Update on safety and performance concerns of suspended breast implants

This information sheet provides more detailed information about the technical nature of the Therapeutic Goods Administration (TGA) assessment against the international standards relevant to breast implants.

On 9 April 2019, the TGA commenced a post-market review of breast implants in response to the increasing number of cases of breast implant associated anaplastic large cell lymphoma (BIA-ALCL).

On 25 September 2019, a decision was taken to suspend eight entries (see table below), from four manufacturers, from the ARTG for a period of six months, commencing from 25 October 2019. General information about the decision is available on the TGA website, including information for consumers.

Sponsors of breast implant devices supplied in Australia were required to provide samples for laboratory analysis and documentation about their manufacturing processes, risk management strategies, clinical evidence, and biological safety assessments.

To assist in determining the risk/benefit profile of each of the implants, the TGA considered the estimated risk rate of developing BIA-ALCL using case information and supply figures to determine the statistical correlation for both last implant and single implant data. In addition, the TGA Laboratory’s detailed assessment of implant surface texture and comparative mapping of surface texture was also considered, along with claims of equivalence of the surface texture and manufacturing process, made by the manufacturer in their documentation, to other breast implants.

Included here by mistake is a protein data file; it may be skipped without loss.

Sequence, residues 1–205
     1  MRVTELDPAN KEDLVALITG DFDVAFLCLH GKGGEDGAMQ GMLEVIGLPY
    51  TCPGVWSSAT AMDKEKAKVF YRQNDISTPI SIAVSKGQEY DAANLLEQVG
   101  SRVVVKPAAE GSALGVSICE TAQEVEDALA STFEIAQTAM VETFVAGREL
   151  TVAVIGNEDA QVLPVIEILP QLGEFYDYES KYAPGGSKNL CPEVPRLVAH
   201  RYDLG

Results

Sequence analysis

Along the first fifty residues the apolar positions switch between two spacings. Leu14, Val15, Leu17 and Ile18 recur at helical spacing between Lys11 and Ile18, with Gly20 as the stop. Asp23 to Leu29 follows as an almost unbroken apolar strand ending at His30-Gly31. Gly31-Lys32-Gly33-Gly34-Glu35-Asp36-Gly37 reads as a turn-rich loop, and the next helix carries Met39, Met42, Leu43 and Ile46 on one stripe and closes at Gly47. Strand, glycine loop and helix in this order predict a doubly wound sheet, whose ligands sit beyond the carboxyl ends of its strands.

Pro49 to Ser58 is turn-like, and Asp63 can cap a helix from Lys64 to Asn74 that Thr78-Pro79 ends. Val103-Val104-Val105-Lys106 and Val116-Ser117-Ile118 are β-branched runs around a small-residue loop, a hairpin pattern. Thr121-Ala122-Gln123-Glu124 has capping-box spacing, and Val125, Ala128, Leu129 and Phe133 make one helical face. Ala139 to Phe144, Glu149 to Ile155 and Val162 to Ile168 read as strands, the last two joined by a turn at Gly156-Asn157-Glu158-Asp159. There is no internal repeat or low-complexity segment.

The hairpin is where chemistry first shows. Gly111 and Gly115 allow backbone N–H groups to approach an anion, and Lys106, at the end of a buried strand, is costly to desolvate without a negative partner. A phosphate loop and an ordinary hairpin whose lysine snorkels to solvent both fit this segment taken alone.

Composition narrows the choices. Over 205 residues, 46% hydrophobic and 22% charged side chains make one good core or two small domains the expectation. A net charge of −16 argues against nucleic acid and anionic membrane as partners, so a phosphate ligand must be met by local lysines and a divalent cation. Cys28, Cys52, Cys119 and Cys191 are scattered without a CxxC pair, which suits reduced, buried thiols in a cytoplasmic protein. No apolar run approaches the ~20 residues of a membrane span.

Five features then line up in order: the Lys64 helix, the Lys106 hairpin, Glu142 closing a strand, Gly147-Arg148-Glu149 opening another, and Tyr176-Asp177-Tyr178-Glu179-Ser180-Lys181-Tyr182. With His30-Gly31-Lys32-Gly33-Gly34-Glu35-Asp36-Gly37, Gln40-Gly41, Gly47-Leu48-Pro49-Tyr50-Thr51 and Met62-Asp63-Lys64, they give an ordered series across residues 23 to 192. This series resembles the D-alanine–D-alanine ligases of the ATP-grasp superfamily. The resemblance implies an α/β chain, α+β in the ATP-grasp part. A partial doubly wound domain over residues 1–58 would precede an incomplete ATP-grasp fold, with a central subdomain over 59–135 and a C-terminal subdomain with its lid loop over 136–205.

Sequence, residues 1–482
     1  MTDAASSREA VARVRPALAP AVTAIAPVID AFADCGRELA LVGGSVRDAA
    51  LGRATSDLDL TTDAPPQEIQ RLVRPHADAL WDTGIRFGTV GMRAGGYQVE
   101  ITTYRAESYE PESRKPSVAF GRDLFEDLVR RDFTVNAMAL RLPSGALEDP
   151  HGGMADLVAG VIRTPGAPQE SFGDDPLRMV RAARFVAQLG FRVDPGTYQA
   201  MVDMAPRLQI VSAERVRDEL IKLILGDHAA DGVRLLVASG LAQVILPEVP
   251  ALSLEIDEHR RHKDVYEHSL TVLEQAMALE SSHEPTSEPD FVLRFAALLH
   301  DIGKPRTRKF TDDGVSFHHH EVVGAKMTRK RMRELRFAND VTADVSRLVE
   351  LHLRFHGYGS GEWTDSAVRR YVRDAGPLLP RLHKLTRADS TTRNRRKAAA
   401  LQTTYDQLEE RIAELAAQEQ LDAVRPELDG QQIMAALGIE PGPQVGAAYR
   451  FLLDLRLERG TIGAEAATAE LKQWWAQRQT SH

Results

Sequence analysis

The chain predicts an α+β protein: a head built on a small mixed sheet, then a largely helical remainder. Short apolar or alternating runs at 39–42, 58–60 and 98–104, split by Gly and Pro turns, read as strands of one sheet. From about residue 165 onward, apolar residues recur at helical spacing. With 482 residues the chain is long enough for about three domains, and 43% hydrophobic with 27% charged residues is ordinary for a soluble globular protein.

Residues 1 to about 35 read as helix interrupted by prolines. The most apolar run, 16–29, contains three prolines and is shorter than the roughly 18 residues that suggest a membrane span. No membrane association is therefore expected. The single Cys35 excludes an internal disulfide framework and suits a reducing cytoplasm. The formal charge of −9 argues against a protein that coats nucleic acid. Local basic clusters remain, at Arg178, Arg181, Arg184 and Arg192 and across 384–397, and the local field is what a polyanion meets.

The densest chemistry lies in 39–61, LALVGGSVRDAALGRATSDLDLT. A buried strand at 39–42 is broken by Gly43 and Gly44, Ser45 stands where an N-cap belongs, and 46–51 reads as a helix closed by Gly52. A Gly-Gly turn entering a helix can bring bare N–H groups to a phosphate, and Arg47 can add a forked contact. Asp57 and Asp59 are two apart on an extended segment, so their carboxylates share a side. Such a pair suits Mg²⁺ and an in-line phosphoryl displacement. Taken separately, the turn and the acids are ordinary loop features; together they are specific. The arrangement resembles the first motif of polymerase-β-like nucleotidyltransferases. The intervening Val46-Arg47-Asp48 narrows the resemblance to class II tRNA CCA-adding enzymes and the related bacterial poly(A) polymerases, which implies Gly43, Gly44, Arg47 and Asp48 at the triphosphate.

In the case of the suspended devices, Nagor, Groupe Sebbin, and Eurosilicone all claimed technical equivalence to the Allergan macrotextured devices, which have been cancelled from inclusion in the Australian Register of Therapeutic Goods (ARTG) by Allergan in August 2019. Polytech Health & Aesthetics GmbH claimed technical and biological equivalence to Silimed polyurethane-coated implants, which have been cancelled from inclusion in the ARTG by the TGA in November 2016. The cancelled devices currently have the highest risk rate of BIA-ALCL in Australia.

A detailed report of the laboratory analysis was published on 26 September 2019.

When reviewing the information provided by the sponsors and manufacturers, compliance with the Essential Principles was assessed, with reference to TGA guidance documents, as well as several international standards. The Essential Principles are a set of 15 principles that all medical devices in Australia are required to hold evidence of compliance against, before the TGA provides approval to supply in Australia. The Essential Principles relate to safety and performance of medical devices, the details of which can be found on the TGA website.